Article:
Evaluating the "excess" in the US corporate financial balance
In a NY Times op-ed, Rob Parenteau and Yves Smith reminded us that the private sector financial balance is a function of the household financial balance and the corporate financial balance. They concluded the following regarding excess corporate saving:
So instead of pursuing budget retrenchment, policymakers need to create incentives for corporations to reinvest their profits in business operations.
In my view, it’s not that simple (not that passing this type policy would be easy at all). As I illustrate below, firms, like households, are in a deleveraging cycle, where corporate excess saving is likely to persist for some time. (Note: US total corporate financial balance, excess saving if the balance is positive, is roughly undistributed profits minus gross corporate domestic investment)
In their NY Times article, Rob and Yves cite a 2005 JP Morgan study, “Corporates are driving the global saving glut”. In that study, JP Morgan argues that the global saving glut has been driven largely by G6 excess corporate saving, and to a lesser extent emerging economies. In the US, positive corporate excess saving persisted through the latest print, 2010 Q2.
The illustration above plots the total corporate financial balance as a percentage of GDP. I calculate the Total Corporate Financial Balance (TCFB) as in the JP Morgan study, which is the residual of the national accounting identity of the Current Account Balance minus the Household Financial Balance minus the Government Financial Balance. According to this measure, the TCFB was roughly +3% in 2010 Q2, or about +1% above the 2008-2010Q2 average (2.1%).
About the same time as JP Morgan published their research, the IMF and the OECD were wondering why global TCFBs were rising. Several factors are attributed the upward trend in the first half of the 2000’s, including (this is not a complete list of factors):
- Repurchase of stock shares relative to dividend payouts
- The falling relative price of capital goods dragging nominal investment spending as a share of GDP (see Table 3.2 of the OECD publication)
- The overhang of leverage build in the 1990’s
- Rising profits via falling taxes and low interest payments (especially in other OECD economies)
Although firms likely worked out much of the debt overhang from the 1990’s, the debt accumulation spanning the second half of the 2000’s was precipitous.
It’s very unlikely that the excess corporate saving will fall anytime soon, as non-financial business leverage is high just as household leverage is high. Total non-financial business debt peaked in 2009 Q1 at 79.5% of GDP and is now trending downward, hitting 74.9% in 2010 Q2.
If history is any guide, then the “excessive” borrowing spanning 2005-2008 will take some time to repair. Spanning 2002 to 2004, the non-financial business sector dropped leverage 2.5% to 64%. If this 2-year period of de-leveraging indicates an “equilibrium” level of leverage, then non-financial businesses are likely to run consecutive financial surpluses (excess saving) in order to reduce debt levels by another 11 percentage points of GDP for a decade more.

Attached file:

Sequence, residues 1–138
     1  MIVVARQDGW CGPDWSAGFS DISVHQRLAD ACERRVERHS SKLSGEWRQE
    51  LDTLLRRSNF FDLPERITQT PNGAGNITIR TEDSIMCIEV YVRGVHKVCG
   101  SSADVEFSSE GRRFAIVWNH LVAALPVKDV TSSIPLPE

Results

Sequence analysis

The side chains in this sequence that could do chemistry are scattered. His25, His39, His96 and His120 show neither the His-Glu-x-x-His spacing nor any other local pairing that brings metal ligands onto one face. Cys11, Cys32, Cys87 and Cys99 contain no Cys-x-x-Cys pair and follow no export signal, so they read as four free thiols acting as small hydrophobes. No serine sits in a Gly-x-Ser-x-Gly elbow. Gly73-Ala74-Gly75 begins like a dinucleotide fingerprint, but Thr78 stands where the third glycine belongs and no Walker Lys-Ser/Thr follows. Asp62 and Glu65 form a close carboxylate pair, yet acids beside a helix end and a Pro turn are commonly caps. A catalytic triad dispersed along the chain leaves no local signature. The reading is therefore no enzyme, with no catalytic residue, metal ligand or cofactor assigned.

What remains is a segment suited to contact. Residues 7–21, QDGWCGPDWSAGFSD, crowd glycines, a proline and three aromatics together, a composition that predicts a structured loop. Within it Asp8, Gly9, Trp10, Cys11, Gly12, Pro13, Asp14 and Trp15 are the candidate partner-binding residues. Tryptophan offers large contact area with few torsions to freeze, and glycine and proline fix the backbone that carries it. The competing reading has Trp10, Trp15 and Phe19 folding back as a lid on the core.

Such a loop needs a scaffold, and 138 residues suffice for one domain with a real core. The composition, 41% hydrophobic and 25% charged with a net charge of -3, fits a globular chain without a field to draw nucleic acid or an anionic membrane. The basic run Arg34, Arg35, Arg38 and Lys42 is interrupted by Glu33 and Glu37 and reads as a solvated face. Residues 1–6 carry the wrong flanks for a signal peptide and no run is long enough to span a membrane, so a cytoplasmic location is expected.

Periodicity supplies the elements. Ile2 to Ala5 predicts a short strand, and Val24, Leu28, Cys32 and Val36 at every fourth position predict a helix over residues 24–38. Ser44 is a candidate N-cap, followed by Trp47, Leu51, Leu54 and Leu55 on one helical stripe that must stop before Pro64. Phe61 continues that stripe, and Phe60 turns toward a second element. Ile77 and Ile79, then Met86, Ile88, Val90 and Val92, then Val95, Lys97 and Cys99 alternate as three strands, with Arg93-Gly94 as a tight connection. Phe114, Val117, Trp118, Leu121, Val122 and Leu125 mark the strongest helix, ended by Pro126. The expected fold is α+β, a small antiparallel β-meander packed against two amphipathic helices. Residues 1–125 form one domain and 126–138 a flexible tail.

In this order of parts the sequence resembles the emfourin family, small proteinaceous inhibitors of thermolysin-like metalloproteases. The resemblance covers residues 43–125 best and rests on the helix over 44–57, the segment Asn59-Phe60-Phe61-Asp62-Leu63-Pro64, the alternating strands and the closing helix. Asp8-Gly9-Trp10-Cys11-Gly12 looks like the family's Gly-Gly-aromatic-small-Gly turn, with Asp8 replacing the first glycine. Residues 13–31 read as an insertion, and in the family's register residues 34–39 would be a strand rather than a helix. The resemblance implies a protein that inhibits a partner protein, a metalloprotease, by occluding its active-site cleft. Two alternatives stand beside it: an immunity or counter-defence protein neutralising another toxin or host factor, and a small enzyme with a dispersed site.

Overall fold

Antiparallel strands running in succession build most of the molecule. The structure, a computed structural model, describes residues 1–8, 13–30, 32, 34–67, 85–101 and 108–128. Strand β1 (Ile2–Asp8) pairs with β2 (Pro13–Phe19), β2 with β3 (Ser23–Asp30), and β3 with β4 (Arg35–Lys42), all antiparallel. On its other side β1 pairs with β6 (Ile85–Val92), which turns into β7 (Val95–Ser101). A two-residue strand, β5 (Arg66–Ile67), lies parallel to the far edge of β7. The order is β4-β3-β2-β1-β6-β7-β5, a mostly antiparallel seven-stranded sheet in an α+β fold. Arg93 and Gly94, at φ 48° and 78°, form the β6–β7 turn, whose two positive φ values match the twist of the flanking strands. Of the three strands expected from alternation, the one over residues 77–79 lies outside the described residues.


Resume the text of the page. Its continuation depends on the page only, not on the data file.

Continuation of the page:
If firms run excess saving balances, then they’re not investing in future profitability via capital expenditures nor increasing marginal costs, like wages and hiring, relative to profit growth. So while it is true that some fiscal policy should be targeted directly at investment incentives (Rob Parenteau and Yves Smith article), these measures may prove less effective since the non-financial business sector’s desire to “save” and repair balance sheets is high.
I leave you with one final chart to inspire more discussion: a breakdown of the total corporate financial balance into its two parts, financial-business and non-financial business.
The financial balances in illustration 2 are computed directly from the Flow of Funds Accounts, Table F.8, rather than taking the residual as calculated in illustration 1. Thus, the total corporate financial balance will not match that in illustration 1.
The point is simple: the small drop in excess saving in total corporate financial balance in illustration 1 is stemming from the financial side. The non-financial corporate sector continues to raise excess saving by investing retained earnings into liquid financial assets relative to capital investment.
Fiscal policy should be targeted at the high desired saving by the corporate and household sectors alike. The idea is to pull forward the deleveraging process by “helping” households and firms lower debt burden via direct liquidity transfers (lower taxes or subsidies, for example). Only then will healthy private-sector growth resume.
Good post, Rebecca.
This is probably correct: “It’s very unlikely that the excess corporate saving will fall anytime soon, as non-financial business leverage is high just as household leverage is high.”
I see no basis for which many private enterprises would significantly ramp up capital spending in the near term absent remarkable, though unlikely, consumer and business demand growth. Yes, some of spending can be pulled forward with a few policy changes, but that doesn’t necessarily change the long term outlook.
I suspect that a lot of enterprises were shocked when credit froze up in 2008. This was not supposed to happen by modern economic theory, which held that when you need to borrow you can. So enterprises are reacting by keeping enough cash to tide them thru another credit freeze up. One wonders why companies where operating in a mode where they had to borrow to make payroll, as was often stated during the freeze up. So they got their wakeup call, and have decided to change their behavior in the future. I suspect its a permant increase in cash positions to protect themselves from the wild markets.
The Great Pretending
I find it troubling that there aren’t any meaningful reports and Federal/credit industry data being provided to the public which would explain the potential loss of economic activity and consumer demand due solely to previous excess credit availability and utilization which will not come back as part of the ongoing economic recovery plan. The lower level of credit availability and utilization will result in a net drop in economic activity, and that should be factored into the big picture, complete with data and explanations.
Ignoring this issue is all part of the Great Pretending. Instead, we have economists and journalists arguing over cyclical and structural unemployment. It’s a ridiculous exercise in light of the impact that reduced credit will have on the U.S. economy.